Welcome Message

Welcome to chronic obstructive pulmonary disease (COPD) Week at the ATS. With nearly 16 million Americans affected, more than 250 people worldwide living with the disease and millions more undiagnosed, COPD is the major component of chronic lower respiratory diseases, including emphysema and chronic bronchitis. Symptoms of COPD can be different for each person, but common symptoms include increased shortness of breath, frequent coughing (with and without mucus), wheezing and tightness in the chest. One of the dangers of COPD includes the misperceptions by many who attribute their shortness of breath and coughing to normal aging when in fact, these symptoms could be signs of COPD. While COPD affects adults of all ages, the prevalence of diagnosed disease is nearly double in those over age 65 than between the ages of 45-54 (12.5% vs 6.5%).

The burden of COPD has continued to rise over the last several decades and we have seen this rise especially in select populations such as women and in rural areas. In 2010, among adults 25 years and older, there were 699,000 (age-adjusted rate of 32.2 per 10,000) estimated hospitalizations for COPD as the first-listed discharge diagnosis, as well as 1,468,000 (age-adjusted rate of 72.0 per 10,000) emergency department (ED) visits for COPD, and 10,291,000 (age-adjusted rate of 494.8 per 10,000) physician office visits.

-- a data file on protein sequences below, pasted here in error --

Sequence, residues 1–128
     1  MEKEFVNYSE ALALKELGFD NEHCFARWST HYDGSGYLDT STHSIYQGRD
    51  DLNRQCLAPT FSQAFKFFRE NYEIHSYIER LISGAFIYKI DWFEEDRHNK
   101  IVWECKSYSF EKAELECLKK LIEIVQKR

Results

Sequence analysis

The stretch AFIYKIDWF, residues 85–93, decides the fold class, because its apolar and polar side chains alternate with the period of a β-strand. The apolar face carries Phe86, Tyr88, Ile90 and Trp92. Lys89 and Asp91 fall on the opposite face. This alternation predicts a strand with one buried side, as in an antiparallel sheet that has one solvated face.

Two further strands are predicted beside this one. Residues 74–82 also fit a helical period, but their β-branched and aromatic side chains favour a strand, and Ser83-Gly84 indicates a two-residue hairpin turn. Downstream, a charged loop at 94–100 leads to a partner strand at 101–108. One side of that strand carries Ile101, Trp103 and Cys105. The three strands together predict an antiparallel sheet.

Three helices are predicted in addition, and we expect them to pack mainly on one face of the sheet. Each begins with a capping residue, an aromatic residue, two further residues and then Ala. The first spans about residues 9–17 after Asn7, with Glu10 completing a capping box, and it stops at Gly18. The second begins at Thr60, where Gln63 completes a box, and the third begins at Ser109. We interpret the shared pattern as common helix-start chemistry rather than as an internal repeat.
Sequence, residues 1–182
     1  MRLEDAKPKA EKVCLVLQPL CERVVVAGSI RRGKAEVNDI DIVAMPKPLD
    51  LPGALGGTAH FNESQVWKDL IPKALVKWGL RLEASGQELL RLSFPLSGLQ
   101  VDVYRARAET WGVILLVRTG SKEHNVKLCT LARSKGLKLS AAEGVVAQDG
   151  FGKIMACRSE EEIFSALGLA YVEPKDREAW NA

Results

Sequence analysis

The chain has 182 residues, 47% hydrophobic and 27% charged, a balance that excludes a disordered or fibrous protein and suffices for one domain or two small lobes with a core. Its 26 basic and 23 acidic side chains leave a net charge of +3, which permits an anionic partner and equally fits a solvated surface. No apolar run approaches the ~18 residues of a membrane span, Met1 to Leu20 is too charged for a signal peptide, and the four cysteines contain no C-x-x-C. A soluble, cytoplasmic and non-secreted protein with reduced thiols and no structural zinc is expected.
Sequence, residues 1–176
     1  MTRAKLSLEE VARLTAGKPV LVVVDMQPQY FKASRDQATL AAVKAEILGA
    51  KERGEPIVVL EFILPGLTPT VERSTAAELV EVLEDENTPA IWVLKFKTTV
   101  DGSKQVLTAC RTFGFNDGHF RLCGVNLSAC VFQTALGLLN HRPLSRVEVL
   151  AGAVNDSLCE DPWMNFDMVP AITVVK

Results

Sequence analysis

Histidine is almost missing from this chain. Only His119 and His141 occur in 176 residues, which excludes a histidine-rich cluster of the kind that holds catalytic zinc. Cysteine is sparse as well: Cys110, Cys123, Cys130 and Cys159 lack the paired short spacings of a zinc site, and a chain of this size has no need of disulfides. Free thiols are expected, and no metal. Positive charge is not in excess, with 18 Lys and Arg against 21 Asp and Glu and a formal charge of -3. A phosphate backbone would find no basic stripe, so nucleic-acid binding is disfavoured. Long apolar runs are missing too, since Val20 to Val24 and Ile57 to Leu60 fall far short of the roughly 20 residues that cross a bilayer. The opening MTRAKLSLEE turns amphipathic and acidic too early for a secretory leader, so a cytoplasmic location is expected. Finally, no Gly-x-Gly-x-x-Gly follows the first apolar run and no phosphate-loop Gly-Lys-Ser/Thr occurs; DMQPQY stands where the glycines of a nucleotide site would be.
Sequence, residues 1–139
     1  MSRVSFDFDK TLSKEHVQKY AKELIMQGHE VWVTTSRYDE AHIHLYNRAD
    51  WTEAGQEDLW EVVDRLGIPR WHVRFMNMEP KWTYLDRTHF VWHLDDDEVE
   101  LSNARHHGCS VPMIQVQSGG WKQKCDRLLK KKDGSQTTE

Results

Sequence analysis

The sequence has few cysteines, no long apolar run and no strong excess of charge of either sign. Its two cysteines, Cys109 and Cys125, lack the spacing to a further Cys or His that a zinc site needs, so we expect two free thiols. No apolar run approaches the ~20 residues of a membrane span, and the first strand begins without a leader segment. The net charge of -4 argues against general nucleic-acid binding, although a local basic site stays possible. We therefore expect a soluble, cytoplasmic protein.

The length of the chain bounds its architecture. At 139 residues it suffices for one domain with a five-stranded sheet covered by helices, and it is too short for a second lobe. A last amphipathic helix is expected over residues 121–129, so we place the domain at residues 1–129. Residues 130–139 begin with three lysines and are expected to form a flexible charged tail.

Even prior to the COVID-19 global pandemic, the economic costs that could be attributed to COPD are astronomical. Within the United States the costs were estimated to be $32.1 billion in 2010 and were projected to increase to $49.0 billion by 2020.

Over the last several months, the COVID-19 pandemic has dramatically altered our world. For those individuals with underlying respiratory conditions such as COPD, this situation has put these patients at high risk for poor outcomes as noted by the CDC. Although the picture continues to evolve, we have seen stories of patients who have done well despite having had COVID. In addition, the COPD Foundation has the opportunity to work with many individuals within our community who are taking the necessary precautions to minimize their exposure to the virus while still proactively managing their mental and physical health. Their stories of grit, determination and resilience serve as powerful reminders of the strength of this community.

We  hope the resources in the following pages will be useful as we navigate together these uncharted waters.





Charlie Strange, MD
Division of Pulmonary, Critical Care, Allergy, and Sleep Medicine
Medical University of South Carolina


Sara Latham
Chief Operating Officer
COPD Foundation
Member, ATS Public Advisory Roundtable (PAR)


COPD Foundation



The COPD Foundation is a 501(c)3 non-profit organization dedicated to preventing and curing COPD and improving the lives of all those affected by the disease.